You need a job. Somewhere, an employer has the job you want. How do you get the job? To get a job, you need to:

  • Think about your interests and skills.
  • Find job information.
  • Write résumés and application letters.
  • Get ready for job interviews.
  • Plan your time.
  • Be prepared to take tests.

Tips for planning your job search

  • Make a "to do" list every day. The list will help you think about what you need to do to look for a job.
  • Apply for jobs early in the day. You will make a good impression. You will also have more time to complete applications, have interviews, and take tests.
  • Call employers to find out the best times to apply. Some companies take applications only at certain times or on certain days.
  • Apply at several companies in the same area when possible. This saves time and money.
  • Be prepared. Have a "master application" and résumés, pens, maps, and job information with you all the time. Who knows when a "hot" lead will come your way?
  • Follow up right away on leads. If you find out about a job late in the day, call right then! Don't wait until the next day.
  • Network. Tell everyone you know that you are looking for a job. Stay in touch with friends and contacts. Follow up new leads right away.
  • Read pamphlets and books on how to get a job.
  • Make a list of your background and experience. If you think you don't have experience, think again! You may not have specific job experience, but you do have work experience. You have "worked" as a student, homemaker, volunteer, in a hobby, or some other activity.

Tips for making a list of experience


List your hobbies, clubs you belong to, sports you're involved in, church and school activities, and things that interest you. List things you are good at. Look at the first item on your list. Think about the skills or talents it takes to do that item. Really think about it!

Here are two examples:

Playing basketball:

  • Ability to interact with others ("be a team player").
  • Ability to use basic math skills (keeping track of the score).
  • Skills in directing others (calling plays).


  • Ability to manage budgets.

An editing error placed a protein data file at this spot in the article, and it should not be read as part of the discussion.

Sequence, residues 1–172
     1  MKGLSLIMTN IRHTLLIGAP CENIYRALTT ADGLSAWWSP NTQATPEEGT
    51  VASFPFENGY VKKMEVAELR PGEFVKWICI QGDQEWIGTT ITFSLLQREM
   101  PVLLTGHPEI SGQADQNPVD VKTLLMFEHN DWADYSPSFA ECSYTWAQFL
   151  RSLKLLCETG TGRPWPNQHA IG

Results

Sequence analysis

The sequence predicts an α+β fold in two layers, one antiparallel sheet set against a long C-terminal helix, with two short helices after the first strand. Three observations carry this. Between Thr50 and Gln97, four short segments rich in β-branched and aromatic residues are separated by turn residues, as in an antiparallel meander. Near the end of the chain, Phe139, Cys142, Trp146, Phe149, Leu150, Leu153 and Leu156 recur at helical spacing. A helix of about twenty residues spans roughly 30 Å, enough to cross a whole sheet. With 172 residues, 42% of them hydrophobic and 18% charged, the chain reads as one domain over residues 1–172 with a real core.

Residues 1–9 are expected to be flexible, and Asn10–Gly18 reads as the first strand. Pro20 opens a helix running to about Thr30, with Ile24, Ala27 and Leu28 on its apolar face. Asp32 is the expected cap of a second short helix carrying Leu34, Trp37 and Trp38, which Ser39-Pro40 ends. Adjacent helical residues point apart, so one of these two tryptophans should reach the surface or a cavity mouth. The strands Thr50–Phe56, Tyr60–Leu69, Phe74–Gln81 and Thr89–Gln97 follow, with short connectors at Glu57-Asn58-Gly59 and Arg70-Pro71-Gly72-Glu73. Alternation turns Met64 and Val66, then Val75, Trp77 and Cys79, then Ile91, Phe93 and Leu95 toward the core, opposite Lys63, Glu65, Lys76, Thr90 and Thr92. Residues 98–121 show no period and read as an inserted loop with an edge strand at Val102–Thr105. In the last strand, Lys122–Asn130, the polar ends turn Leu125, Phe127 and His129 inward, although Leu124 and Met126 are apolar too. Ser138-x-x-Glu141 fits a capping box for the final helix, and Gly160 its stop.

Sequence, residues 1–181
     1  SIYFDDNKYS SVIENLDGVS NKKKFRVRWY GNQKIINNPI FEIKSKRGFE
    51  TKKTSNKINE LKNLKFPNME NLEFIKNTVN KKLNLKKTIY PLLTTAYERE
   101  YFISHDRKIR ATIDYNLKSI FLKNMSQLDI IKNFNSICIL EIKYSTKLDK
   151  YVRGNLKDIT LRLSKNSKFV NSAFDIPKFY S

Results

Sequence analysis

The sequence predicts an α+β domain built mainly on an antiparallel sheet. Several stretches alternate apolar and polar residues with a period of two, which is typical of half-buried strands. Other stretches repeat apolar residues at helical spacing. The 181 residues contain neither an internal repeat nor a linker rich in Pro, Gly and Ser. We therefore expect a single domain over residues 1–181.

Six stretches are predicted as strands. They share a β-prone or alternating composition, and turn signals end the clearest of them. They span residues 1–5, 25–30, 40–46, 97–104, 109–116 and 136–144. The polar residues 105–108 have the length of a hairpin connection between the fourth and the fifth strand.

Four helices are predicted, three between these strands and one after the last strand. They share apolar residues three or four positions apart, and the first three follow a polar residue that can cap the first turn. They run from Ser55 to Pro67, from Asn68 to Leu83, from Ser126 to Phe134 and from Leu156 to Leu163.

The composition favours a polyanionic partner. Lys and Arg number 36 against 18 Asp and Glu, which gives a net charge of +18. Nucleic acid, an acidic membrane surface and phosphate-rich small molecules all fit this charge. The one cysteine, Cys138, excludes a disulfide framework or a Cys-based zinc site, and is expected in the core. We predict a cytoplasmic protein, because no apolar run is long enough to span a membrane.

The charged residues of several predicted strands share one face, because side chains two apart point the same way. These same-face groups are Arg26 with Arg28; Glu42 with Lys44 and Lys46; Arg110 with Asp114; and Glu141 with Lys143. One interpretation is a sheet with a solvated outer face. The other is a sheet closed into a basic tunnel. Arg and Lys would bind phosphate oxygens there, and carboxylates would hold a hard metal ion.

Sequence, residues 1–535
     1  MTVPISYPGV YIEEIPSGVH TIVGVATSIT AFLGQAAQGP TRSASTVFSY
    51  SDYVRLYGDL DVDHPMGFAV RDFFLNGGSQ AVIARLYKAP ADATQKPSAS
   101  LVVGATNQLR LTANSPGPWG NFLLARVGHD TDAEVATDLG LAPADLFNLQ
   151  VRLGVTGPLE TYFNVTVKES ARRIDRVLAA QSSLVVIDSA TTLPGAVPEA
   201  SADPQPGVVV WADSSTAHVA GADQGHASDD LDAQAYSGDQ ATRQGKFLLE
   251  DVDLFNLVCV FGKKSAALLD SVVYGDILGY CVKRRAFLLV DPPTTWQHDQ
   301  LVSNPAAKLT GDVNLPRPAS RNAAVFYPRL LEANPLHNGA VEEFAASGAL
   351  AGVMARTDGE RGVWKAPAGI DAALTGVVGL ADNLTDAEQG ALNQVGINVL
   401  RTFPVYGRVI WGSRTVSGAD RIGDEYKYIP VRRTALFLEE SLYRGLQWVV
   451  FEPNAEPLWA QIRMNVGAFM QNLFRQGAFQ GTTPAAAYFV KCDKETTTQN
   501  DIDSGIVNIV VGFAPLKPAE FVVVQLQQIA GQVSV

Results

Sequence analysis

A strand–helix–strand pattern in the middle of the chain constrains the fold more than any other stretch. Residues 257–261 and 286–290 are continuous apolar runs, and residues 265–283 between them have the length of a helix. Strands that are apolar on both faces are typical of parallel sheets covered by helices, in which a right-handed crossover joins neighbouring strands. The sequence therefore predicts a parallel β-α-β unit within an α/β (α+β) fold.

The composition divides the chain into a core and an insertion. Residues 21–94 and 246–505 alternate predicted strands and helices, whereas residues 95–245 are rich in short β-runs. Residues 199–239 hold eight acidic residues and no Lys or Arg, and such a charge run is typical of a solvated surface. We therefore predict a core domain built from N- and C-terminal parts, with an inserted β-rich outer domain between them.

• Ability to handle many tasks.
  • Knowledge of human behavior.
  • Skills in organizing, cooking, cleaning and laundry.

Work history

List any jobs you have had. Include volunteer, summer, and part-time work. Next, write down your job duties for each job. Think about what other skills you used. Add them to your skills list.


List any school you attended. Include military and vocational schools and on-the-job training. List degrees, certificates, awards and honors. Ask yourself what classes or training you liked. Why did you like them?

Physical condition

Do you have any disabilities limiting the kind of work you can do? Companies will often make special accommodations to employ disabled persons.

Career goals

What kind of work do you want to be doing five to 10 years from now? What kind of job could you get now to help you reach this goal?

Finding what jobs match your skills

Look at all the skills and experience you wrote on your list. You have many skills and talents you use every day. Now you need to match these skills with the right job.

Start at your local State Employment Service Office. While you are at the employment service, ask to see the Guide for Occupational Exploration and the Occupational Outlook Handbook. You can also get these books at your public library. These books describe:

  • Work duties for different types of jobs
  • How to enter an occupation
  • Where jobs are located
  • Training and qualifications needed
  • Earnings, working conditions and future opportunities.

Match the skills and abilities in your list to the skills and abilities in different jobs. Don't limit yourself. The important thing is not the job title, but the skills of the job.


  • University System of Ohio. OhioHigherEd: Students: Between Jobs: Education Resources for Ohio Adult Workers in Transition. Accessed 4/23/2012
  • US Department of Labor. CareerOneStop: Pathways to Career Success: Job Search Help Accessed 4/23/2012
  • Department of Labor Tools. Accessed 4/23/2012

© Copyright 1995-2012 The Cleveland Clinic Foundation. All rights reserved.

This information is provided by the Cleveland Clinic and is not intended to replace the medical advice of your doctor or health care provider. Please consult your health care provider for advice about a specific medical condition. This document was last reviewed on: 4/23/2012...#4210